David is a creative industrious Barbadian (from Crumpton Street High). Not some other ass from the same institution who could walk into a failing concern with outstanding debts to thousands of policy holders and demand a million dollars a month…

  5. The political parties in Barbados DO NOT support “productive” enterprise. I am still seething over the $500,000 commission (incidentally without the legal tendering process being held) to carry out a study on poverty … FIVE HUNDRED THOUSAND DOLLARS for a f#cking stack of papers that has and will only see three minutes of daylight.

  6. @David. As CCC says, for once rightly, this is but one side of the issue, compelling though it is. As such, it is a little difficult to be sure where the rights are wrongs are. HOWEVER:

    I know of more than three dissimilar cases (which however give rise to allegations of a culture of behaviour) in which the Land Tax Commissioner has been taken to court over land tax issues and, although all these cases are outstanding (and have been for a number of years in all three cases) the Land Tax people have subsequently consistently advertised for sale the properties concerned for payment of the self-same land taxes that are under dispute in the courts. It might be argued that the Land Tax Commissioner is guilty of contempt of court. I could understand it happening once – that would be error. But more than three times looks to me like CORRUPTION.

    I also know of several other matters where lawyers have attempted to delay the hearing of matters before the courts in order to try to “get in through the back door” at best and, at worst, to obfuscate, confuse and prolong matters of litigation before the courts and the questionably competent judges that sit on the bench of these courts.

    These unacceptable practices have consistently been given comfort by the inexcusable backlog of the courts and the sloth of incompetent judges in giving timely decisions.

    It always amazes me also how certain counsel manage to get cases for their clients heard promptly and the incidents of this happening are far too high for the accusation of a mole or moles in the Registry to be suspected, mooted and FULLY INVESTIGATED.

    In light of these, therefore, although we have only one side of the issue, we do have to pay attention and seek more concrete enlightenment from both sides. That there exists a culture that supports these currupt practices, is clear and evident. As is the intent of the new CJ to eradicate them and the culture that insidiously breeds this sort of hijacking and denial of justice.

    BTW, the quote in the letter from Shakespeare’s Julius Caesar (Anthony’s funeral oration) is incorrect. The word is “judgement”, not “beauty”. “O judgment! thou art fled to brutish beasts, And men have lost their reason.” May I respectfully suggest that, if the gentleman’s position is correct, “judgement” and not “beauty” is the better word.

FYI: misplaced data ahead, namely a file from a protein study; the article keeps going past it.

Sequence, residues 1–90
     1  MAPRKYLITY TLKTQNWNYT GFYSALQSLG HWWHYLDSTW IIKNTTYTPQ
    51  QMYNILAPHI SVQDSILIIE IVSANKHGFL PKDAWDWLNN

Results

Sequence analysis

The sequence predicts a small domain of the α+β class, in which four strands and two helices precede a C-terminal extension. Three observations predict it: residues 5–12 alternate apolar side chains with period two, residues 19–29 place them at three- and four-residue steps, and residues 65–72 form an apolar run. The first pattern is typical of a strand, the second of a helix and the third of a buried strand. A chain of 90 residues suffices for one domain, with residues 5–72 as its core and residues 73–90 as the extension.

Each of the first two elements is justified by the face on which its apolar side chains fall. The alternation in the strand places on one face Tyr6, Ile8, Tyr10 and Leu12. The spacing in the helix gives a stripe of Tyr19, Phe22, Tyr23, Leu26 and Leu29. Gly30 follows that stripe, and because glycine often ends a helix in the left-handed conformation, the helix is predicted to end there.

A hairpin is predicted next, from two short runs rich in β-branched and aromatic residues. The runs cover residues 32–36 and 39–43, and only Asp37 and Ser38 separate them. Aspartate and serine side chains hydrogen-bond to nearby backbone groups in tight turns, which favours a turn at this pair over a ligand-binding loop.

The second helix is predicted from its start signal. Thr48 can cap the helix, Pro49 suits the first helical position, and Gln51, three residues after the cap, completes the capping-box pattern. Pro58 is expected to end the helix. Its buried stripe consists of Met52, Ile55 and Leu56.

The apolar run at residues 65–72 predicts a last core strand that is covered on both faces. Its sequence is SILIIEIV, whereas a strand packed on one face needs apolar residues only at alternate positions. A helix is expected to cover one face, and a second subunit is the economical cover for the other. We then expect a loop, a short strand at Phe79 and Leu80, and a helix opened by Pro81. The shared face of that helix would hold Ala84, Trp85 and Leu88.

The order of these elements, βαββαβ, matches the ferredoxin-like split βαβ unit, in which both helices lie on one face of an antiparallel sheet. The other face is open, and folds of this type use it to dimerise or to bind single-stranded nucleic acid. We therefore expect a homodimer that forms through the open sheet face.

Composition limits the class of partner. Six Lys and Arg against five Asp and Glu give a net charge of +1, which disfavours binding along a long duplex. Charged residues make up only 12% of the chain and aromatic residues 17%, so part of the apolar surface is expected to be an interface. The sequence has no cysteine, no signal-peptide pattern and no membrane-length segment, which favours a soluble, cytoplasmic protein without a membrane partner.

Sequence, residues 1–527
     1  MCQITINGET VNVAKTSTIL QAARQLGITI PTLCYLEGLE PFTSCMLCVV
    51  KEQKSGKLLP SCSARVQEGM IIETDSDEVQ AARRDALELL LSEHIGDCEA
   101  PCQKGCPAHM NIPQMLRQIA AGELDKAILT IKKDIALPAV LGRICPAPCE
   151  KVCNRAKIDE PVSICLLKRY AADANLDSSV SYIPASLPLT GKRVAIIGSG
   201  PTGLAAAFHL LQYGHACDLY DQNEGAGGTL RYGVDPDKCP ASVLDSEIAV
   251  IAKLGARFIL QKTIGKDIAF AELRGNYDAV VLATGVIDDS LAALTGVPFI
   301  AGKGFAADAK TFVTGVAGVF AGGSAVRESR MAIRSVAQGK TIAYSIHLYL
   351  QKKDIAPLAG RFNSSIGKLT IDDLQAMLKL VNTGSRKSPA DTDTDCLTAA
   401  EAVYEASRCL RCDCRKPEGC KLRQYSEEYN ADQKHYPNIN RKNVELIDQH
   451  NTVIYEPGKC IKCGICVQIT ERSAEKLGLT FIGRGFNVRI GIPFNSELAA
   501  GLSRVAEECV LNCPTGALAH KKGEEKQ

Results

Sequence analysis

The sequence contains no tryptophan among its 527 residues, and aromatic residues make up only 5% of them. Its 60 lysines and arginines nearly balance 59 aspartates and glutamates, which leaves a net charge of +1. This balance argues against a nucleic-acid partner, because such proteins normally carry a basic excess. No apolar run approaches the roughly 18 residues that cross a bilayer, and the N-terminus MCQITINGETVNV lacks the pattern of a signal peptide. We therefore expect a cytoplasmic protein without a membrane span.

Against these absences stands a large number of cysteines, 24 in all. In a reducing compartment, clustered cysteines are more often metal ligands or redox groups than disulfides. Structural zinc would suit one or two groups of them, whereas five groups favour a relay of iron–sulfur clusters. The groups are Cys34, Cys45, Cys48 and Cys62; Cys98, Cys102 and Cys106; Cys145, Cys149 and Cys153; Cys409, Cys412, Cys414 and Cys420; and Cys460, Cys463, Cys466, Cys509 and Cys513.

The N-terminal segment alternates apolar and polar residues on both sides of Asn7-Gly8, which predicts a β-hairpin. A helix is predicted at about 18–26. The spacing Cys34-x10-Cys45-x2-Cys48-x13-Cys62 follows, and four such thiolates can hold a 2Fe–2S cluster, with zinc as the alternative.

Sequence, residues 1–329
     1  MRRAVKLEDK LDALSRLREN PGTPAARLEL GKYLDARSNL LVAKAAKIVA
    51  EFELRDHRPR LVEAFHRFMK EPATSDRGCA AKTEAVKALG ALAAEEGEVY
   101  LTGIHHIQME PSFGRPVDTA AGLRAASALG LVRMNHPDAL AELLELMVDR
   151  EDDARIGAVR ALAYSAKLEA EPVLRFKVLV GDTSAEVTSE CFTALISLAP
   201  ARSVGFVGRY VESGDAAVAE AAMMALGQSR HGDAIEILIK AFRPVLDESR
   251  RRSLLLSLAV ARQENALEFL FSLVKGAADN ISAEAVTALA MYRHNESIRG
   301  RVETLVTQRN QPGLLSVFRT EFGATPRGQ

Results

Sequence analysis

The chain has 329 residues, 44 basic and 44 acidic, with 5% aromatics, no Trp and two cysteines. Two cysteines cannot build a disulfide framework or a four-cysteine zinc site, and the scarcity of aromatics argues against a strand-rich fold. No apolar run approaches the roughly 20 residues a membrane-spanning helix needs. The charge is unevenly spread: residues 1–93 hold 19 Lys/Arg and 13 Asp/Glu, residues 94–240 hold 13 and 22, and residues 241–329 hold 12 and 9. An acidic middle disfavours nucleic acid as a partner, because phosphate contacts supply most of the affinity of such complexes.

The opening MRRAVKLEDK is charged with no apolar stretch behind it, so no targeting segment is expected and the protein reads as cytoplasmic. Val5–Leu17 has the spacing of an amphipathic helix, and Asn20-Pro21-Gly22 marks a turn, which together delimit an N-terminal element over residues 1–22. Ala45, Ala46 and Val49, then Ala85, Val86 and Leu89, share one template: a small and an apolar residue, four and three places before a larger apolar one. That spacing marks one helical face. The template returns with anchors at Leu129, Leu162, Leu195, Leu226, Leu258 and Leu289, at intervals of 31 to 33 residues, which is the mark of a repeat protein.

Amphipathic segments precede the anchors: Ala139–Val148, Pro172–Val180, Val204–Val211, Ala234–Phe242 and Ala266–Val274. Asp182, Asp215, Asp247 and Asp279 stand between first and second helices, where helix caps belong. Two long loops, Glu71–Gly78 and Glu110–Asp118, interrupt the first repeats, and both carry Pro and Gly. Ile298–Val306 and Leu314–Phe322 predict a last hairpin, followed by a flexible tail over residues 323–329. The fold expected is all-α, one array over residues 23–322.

7. It amazes me. The above admits to contempt, indiscretion and incompetence in the process of seeking judgements and is still prepared to state that the complainer represents only one side of the story. Now what the f#ck can the other side possibly be …?

  8. @Amused

    With respect, the issue is not about judging the merit or demerits of the issue but the fact that the AG promised to get back to Mr. Weekes and he has not.

  9. @David. Respectfully. The AG may have considered that it is a matter that could easily be handled by reasonable diligence. It took me under 30 seconds. However, it wouldn’t have taken the AG’s office but a moment to tell the gentleman to Google it, and that I do admit.



  10. Amused, it took you under 30 seconds to find what? The Treaty? Note that Mr. Weekes is asking for the ratification instruments which is not the same as the Treaty, since every sovereign country has the right to determine what provisions of the Treaty it will exempt itself from. Hence the ratification instruments and the treaty are two different things.

  11. It would be great if Government were to pass the freedom of information act. Then they would have a duty to make these documents available as soon as they are in force.

    • @ROK

      BU’s position is if the AG office promised to get back to Mr. Weekes it should have been honoured. This is separate and distinct from the request by Mr. Weekes which maybe an issue for the Courts to interpret. An interesting issue indeed..

  12. @ROK. I agree with David. To have undertaken to reply to Mr Weekes and then not to have done so is lacking in broughtupsy.

    I am not going to argue any of these points with you or anyone else. However, as a matter of interest, I direct your attention to the case of The Attorney General of Barbados et al v. Jeffrey Joseph and Lennox Boyce (CCJ Appeal No. CV2 of 2005), wherein it was held that in some circumstances ratification of a treaty could give rise to the legitimate expectation that the treaty will apply in some respects on the domestic plane, even if legislation has not brought the treaty into force locally.

    That decision is available online from the CCJ website. Therefore, the scope of that statement by the CCJ in relation to this case is, it seems to me, a matter for a court of law to determine after hearing full arguments from both sides. I have no idea if this ruling is going to be relied upon by one side or another, but, out of my sincere respect for you, I draw it to your attention.